Soko Made — City Government Zero Waste Senior Coordinator, SF Department of the Environment
Soko has worked in the zero waste program of the San Francisco Department of the Environment since 2007. In her Senior Coordinator position she has an integral role in the government sector, increasing awareness and compliance with the city’s environmental laws. Soko is responsible for managing several government zero waste programs, including improving recycling and composting collection programs, promoting reuse of city-owned surplus materials, and developing environmental contract specifications. She also educates city employees on the importance of leading by example when it comes to zero waste principles and green purchasing.
Soko has a Bachelor of Arts degree in Geology from Saint Louis University and a Master of Science in Environmental Management from the University of San Francisco. She joined WEN’s board in October 2019.
How did you become interested in environmental work?
I have always had a connection to the environment. My father is an agriculturalist who always grew a variety of vegetables in our garden. I have wonderful parents who instilled zero waste principles at an early age. We only purchased what we needed. We never carried our groceries in plastic bags, using sturdy boxes instead. Milk was delivered in glass bottles. We were required to finish our food, and all vegetable scraps were placed on the backyard compost heap.
I was fortunate to grow up in Zimbabwe, where I got to see Victoria Falls and wildlife in its natural habitat. Poaching was – and still is – rampant and I wanted to go into resource conservation, primarily to protect rhinos. By the time I got to university, I had become fascinated with geology and majored in it. But as interesting as it was, geology felt too specialized so I got my graduate degree in environmental management. Afterwards I was fortunate to be hired at SF Environment, where I have found my niche.
Discuss any mentors who have helped or inspired you to reach your aspirations.
I have several mentors who inspired and helped me, but there are two in particular who have shaped me to be the environmentalist I am. The first is Wangari Maathai, the Kenyan social, environmental, and political activist. She was the Goldman Prize Winner in 1991 and was the first African woman to win the Nobel Prize. I am inspired by her because through all of her hardship she was true to herself and persevered in helping the environment and people.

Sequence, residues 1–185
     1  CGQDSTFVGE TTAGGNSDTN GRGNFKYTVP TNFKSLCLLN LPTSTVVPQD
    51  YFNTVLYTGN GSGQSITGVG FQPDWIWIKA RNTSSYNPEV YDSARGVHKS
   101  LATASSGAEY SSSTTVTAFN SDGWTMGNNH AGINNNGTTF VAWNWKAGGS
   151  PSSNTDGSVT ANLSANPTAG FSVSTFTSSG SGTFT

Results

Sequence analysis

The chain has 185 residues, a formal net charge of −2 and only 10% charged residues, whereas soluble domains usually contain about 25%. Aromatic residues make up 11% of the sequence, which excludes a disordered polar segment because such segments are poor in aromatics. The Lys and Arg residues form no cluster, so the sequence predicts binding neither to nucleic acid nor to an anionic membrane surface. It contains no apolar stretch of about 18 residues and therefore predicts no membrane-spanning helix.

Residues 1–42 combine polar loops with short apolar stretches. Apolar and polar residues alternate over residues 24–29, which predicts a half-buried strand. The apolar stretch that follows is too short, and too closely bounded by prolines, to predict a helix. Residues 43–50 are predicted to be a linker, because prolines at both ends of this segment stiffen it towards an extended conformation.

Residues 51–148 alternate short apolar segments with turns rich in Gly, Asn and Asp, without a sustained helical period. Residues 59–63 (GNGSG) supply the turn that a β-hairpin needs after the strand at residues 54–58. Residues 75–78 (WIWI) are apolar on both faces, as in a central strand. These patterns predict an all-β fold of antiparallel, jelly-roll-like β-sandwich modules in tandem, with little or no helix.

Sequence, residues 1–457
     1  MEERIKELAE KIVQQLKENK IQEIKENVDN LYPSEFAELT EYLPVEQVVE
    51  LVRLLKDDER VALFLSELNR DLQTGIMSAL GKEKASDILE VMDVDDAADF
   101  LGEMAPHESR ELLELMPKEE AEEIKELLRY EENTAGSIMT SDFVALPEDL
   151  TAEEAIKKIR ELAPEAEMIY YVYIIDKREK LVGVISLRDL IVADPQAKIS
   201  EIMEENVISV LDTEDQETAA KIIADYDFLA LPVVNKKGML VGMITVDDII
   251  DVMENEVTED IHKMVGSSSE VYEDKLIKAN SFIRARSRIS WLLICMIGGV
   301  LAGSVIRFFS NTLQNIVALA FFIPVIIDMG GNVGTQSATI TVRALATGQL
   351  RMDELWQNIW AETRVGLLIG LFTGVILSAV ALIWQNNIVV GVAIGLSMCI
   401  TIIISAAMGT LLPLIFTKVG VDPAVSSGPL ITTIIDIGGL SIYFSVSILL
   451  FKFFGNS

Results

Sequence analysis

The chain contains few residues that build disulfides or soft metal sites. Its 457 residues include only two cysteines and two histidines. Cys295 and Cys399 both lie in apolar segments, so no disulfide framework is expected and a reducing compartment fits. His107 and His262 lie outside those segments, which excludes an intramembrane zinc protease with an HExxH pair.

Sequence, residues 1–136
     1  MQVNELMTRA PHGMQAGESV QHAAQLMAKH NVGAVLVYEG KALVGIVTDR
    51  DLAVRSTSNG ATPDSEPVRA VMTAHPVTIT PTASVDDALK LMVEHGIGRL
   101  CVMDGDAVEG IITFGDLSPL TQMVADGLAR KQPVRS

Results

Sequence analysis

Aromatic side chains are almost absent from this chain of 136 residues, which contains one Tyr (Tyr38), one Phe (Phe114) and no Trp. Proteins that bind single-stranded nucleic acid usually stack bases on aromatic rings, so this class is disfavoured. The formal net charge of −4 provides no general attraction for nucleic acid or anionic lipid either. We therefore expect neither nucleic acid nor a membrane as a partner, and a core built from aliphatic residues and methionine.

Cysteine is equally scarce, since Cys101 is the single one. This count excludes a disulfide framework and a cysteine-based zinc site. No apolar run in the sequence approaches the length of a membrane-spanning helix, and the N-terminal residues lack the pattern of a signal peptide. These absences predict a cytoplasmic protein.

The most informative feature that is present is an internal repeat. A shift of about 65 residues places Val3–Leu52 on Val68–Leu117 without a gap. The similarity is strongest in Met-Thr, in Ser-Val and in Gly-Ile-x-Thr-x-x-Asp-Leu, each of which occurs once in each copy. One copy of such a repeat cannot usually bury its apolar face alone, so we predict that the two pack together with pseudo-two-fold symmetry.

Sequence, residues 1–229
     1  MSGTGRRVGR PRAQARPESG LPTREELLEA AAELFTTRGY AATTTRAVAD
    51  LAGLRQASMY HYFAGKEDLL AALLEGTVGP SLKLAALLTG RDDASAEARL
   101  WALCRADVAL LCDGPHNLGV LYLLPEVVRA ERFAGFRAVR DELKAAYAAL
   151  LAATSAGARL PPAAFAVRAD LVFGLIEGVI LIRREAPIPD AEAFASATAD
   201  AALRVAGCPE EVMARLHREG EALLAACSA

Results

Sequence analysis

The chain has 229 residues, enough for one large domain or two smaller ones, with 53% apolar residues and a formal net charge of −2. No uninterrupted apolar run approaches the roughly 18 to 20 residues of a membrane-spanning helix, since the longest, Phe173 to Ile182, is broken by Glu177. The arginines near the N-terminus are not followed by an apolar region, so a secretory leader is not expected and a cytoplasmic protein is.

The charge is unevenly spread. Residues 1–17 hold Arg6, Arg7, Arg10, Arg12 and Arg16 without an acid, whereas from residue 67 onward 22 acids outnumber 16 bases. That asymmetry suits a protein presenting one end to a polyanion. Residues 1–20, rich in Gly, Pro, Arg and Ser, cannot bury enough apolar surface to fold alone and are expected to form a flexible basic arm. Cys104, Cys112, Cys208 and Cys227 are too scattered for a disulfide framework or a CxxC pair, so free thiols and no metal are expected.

The second is my colleague and friend, Julie Bryant, who was also my supervisor for thirteen years at SF Environment. She provided unconditional support and constructive feedback, and taught me to be true to and believe in myself. More than anything, she taught me that in order to move the needle in the work we do it’s important to meet people where they are, and that developing and maintaining long-lasting relationships is key.
What are your suggestions on how WEN members can become more involved in your sector of the environmental movement?
I think human beings are disconnected from the environment, which is troubling because like all species we are part of the environment. Other species don’t create waste. At some point nature’s so-called waste is cycled back into the environment as a resource. Why do humans have an expectation that someone else is going to take care of the waste we generate?
We can all take tangible steps to help, like incorporating zero waste principles into our lives:
- Prevent waste and reduce consumption. We can all be mindful about what we purchase.
- Use items that are durable, rather than single-use. Durable items last longer, and constantly purchasing single-use items adds up!
- Recycle and compost as much as possible, but that should not be the first thing you think about when you hear ‘zero waste.’ If you don’t know where an item is supposed to go at the end of its life, really think about whether you should purchase it in the first place.